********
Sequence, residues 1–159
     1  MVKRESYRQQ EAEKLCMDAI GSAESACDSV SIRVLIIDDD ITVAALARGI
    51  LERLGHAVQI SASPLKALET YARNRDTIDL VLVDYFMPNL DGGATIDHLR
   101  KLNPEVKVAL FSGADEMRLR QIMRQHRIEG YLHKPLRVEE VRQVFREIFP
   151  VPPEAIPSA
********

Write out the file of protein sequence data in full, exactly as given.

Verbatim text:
Sequence, residues 1–159
     1  MVKRESYRQQ EAEKLCMDAI GSAESACDSV SIRVLIIDDD ITVAALARGI
    51  LERLGHAVQI SASPLKALET YARNRDTIDL VLVDYFMPNL DGGATIDHLR
   101  KLNPEVKVAL FSGADEMRLR QIMRQHRIEG YLHKPLRVEE VRQVFREIFP
   151  VPPEAIPSA